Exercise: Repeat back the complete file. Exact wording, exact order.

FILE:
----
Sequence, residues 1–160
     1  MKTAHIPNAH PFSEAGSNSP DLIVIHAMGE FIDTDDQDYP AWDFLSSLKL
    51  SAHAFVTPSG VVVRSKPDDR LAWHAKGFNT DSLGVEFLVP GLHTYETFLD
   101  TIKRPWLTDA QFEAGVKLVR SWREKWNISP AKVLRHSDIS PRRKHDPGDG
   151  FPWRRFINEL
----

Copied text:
Sequence, residues 1–160
     1  MKTAHIPNAH PFSEAGSNSP DLIVIHAMGE FIDTDDQDYP AWDFLSSLKL
    51  SAHAFVTPSG VVVRSKPDDR LAWHAKGFNT DSLGVEFLVP GLHTYETFLD
   101  TIKRPWLTDA QFEAGVKLVR SWREKWNISP AKVLRHSDIS PRRKHDPGDG
   151  FPWRRFINEL